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Independent Comics In Focus – Jason Young, Creator of Veggie Dog Saturn

Welcome to Independent Comics In Focus, a new feature here at Word of the Nerd where we talk to independent comics creators about their work, their process, and independent publishing. Today’s guest is Jason Young, author and creator of Veggie Dog Saturn.


jason young this machine
Jason Young

Can you tell us a little about yourself as a comics creator? Have you always wanted to make comics?

Growing up in the midwest meant lots of time to read comics. My brother and I were fans from a pretty early age. We also liked to write and draw our own comics on notebook paper (most of which I still have!) and did so all the time. I guess I just never stopped drawing little comics, but these days the difference is now there’s actually more than just the one copy of each floating around in the world.

What can you tell us about your comic series Veggie Dog Saturn?

My brother was into all sorts of comics while I was still reading Marvel and DC stuff as a kid. He’s five years older than me so he’d buy Cerebus and The Tick and things like that before they were in the limelight and turn me onto them. But I think it was when he showed me some Chester Brown autobiographical comics from Yummy Fur that I realized I could do this sort of thing. I made a couple of autobio comics when I was a kid just about our friends playing basketball and things like that. Then in 2008 I started Veggie Dog Saturn as an outlet for stories that I felt like sharing (some fun experiences and some not so fun). So far I’ve done eight issues and it’s been a blast to do! I’ve gotten some pretty positive feedback, which is super encouraging. I’ve also met some great cartoonists that I’ve ended up collaborating with on other books and that’s just the best! Getting to work with artists whose books I love has by far been the best part of getting into the world of small press comics. It’s such a great community of supportive and creative minds who continually inspire me to keep going.

Where can savvy Word of the Nerd readers buy it, or any of your other books?

I sell my comics mostly at small press shows and by sending them to indy friendly shops on consignment. There are some truly great stores out there who do a lot for small press comics. There are quite a few in Chicago that carry my books and recently Copacetic Comics in Pittsburgh added me to their stock, which was flattering! But if anyone would like to order them directly from me they can go to buyerbeware.guttertrash.net for more info. It’s just a blog but if you poke around you’ll find ordering info and see some artwork you might enjoy as well.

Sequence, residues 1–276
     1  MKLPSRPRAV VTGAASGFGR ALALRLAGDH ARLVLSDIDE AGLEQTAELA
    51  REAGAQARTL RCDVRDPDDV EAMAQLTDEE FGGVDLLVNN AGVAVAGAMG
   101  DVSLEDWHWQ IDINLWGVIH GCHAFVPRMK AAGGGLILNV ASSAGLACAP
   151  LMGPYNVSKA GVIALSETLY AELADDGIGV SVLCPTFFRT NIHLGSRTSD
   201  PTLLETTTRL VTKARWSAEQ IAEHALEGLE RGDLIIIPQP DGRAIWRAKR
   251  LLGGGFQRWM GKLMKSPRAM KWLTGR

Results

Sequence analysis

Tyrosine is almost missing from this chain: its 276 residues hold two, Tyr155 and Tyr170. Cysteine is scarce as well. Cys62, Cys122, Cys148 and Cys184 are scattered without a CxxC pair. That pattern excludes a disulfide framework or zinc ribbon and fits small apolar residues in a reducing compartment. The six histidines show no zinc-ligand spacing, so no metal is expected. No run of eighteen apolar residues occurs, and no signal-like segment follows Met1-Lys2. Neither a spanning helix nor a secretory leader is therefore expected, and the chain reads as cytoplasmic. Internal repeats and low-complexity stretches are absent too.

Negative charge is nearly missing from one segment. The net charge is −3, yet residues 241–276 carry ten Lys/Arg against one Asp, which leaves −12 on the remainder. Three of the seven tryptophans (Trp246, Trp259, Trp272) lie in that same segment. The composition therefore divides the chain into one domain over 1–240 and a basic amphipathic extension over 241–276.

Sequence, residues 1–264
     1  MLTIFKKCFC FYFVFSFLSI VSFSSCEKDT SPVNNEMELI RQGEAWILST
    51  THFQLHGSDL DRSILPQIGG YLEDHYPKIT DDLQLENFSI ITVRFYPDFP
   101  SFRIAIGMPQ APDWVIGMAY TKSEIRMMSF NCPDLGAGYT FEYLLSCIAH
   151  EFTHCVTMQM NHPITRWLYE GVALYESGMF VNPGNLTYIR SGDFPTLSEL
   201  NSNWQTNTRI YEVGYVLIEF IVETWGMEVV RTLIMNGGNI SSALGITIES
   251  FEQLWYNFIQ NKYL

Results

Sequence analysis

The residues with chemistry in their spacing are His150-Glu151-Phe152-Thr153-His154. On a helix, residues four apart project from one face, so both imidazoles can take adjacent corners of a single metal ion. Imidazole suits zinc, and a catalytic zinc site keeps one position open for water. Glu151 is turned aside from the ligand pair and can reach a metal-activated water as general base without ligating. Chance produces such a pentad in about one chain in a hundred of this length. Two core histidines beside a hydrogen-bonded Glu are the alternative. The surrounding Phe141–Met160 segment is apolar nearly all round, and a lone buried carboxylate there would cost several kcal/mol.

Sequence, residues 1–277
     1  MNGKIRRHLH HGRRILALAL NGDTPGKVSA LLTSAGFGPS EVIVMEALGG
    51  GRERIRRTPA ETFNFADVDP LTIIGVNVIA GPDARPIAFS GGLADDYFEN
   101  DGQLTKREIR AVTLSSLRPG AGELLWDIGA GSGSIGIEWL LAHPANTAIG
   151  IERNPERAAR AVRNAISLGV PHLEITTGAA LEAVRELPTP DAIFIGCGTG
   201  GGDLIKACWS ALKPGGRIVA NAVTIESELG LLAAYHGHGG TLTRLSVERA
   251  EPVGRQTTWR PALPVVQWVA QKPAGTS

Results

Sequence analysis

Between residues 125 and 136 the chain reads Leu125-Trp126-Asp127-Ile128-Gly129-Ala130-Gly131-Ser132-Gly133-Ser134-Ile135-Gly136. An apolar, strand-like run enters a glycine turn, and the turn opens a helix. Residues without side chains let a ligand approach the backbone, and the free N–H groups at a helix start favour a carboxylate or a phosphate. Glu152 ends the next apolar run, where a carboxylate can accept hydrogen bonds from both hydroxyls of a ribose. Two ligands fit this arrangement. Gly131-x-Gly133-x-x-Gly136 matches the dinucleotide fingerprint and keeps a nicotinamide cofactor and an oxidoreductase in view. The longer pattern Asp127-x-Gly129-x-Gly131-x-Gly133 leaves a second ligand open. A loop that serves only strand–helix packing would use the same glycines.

Jason Young hostess
Jason Young

You have worked at a comic book shop for a long time. Has that experience influenced the way you approach comics? If so, how?

Not really, I guess. I love working at the comic shop and being a retailer has turned me onto all kinds of artists I’d probably have never seen otherwise… but as far as making comics I feel like I’ve just had a natural progression starting with the ones I mentioned earlier that my brother and I made when we were young. I’ve never really tried to follow and trend of something I see as a hot seller or anything. I honestly think if I had grown up to work as a bus driver or something I’d still be making the same comics I do now (my dad was a bus driver)!

Have you always known you would publish your comics independently? Is that the plan moving forward?

The idea of self publishing is very romantic to me. It’s great to have the freedom to put whatever you want out there without having to worry about someone else determining if it’s going to be marketable. Also, you can print things under the radar that some people might shy away from for fear of lawsuits (I’ve published mini-comics where I’m dressed as Batman or Robin more than once and didn’t have to have anyone tell me that’s not such a good idea). I’m not saying it wouldn’t be thrilling to get picked up by First Second or Top Shelf or somebody. . . but I’ve certainly got no problems with doing it myself and will most likely do so until I’m in the ground.

What advice do you have for new creators? Is self-publishing the way to go?

The thing I see most often with new creators (writers and artists both) is this mindset that they want to get everything right before they put anything out there. Every line needs to be perfect or they don’t want it out there . . . and that’s just crazy to me. You can’t think like that and expect to get your work out there for people to see. Look at early published work by Chris Ware or whoever and it never looks like the artist they are today. You see hints of who they’re going to become but it certainly isn’t their best work. We all get better as we do it and just getting the ball rolling is the first step. Don’t be afraid to publish! Once you do you’ll see what mistakes are on the page and improve on them for your next comic. It’s natural to feel intimidated by what people might think but you’ll never improve if you don’t try. So get out there and do it already! I believe in you!

You can check out more of Jason’s work at www.buyerbeware.guttertrash.net.


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About the author

Caleb Palmquist

Caleb is a freelance writer living in sunny St. Petersburg, Florida. He loves comics and science fiction, and he won’t ever shut up about either. Writing about his passions is a dream come true.

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